Editor’s Note: We’re partnering with 3DAeroventures, Eric’s brand new YouTube channel, to help bring you a 4-part video series, going from a hacked R/C foam glider in part 1 to full-on, original 3D-printed R/C aircrafts in subsequent builds! The aim? To educate us on aerodynamic principles, while having fun in the process. Be sure to subscribe to his channel to keep track of Eric’s progress, leading all the way up to 3DEXPERIENCE World 2020!
When I was in high school, I was lucky enough to go through private pilot training, and I received my pilot’s license when I turned 18. But flying full-scale aircraft isn’t exactly an affordable hobby for a college student. Once I had a family of my own, my priorities understandably changed, and I’ve since let my pilot’s license lapse. There are times, however, when I missed the feeling, perspective, and sense of adventure I experienced while flying a private aircraft. That feeling of weightlessness you get on takeoff, or when you hit ground effect just before touching down, is truly a unique experience. My latest project is, at its heart, an attempt to get as close as I can to that full-scale experience using an R/C aircraft.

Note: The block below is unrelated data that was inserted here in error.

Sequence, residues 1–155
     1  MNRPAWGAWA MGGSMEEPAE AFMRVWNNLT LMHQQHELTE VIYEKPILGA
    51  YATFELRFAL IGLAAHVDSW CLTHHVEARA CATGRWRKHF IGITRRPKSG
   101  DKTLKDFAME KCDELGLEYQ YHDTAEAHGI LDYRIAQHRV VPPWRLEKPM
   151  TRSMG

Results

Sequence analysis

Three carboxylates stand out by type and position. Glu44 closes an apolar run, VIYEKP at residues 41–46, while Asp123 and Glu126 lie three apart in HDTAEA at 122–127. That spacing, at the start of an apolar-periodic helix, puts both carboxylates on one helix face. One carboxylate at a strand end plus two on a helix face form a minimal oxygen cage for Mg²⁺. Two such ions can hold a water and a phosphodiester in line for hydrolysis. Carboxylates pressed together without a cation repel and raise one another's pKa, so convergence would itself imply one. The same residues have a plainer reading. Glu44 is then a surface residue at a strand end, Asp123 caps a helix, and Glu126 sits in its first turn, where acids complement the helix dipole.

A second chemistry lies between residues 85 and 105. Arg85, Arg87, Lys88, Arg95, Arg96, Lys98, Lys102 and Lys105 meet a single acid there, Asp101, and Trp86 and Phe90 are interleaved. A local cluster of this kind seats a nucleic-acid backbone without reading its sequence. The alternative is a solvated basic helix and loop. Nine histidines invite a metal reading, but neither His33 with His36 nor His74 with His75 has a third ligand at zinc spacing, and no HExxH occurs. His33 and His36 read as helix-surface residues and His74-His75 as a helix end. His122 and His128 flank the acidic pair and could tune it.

In my last 3DAeroventures video, I successfully designed, built, and flew my first fully 3D-printed RC airplane called “the Infinity Wing.” I had a few hilarious mishaps, but overall, I’d call it a huge success.
In this third video, I’m developing a more traditional aircraft complete with a full fuselage, as well as a standard wing and tail configuration. The inspiration for this design is a full-scale, home-built aircraft called “the AirCam.” Originally developed in conjunction with National Geographic Magazine, the AirCam is especially well-suited for aerial photography and in-flight video. The twin-motor design, mounted on the back of the wing in a “pusher” configuration, is quite unique. It gives the aircraft some redundancy in case one motor fails, and the propellers stay well out-of-frame with photo or video shots.
Because the shape of the wingtips on this design are somewhat unique, I chose to leverage the 3D Sculptor role on the 3DEXPERIENCE platform to help develop their organic form. I was heartened by how well this tool and SOLIDWORKS 3D CAD play together, as I was able to just drop my wingtip right into place in SOLIDWORKS and proceed from there to complete the aircraft.
My version of the AirCam is what’s called a “sport-scale” design so I am calling it the “SportCam.” As you’ll see in the video, it truly is an aerial photography and FPV (First Person View) workhorse. Enjoy your flight!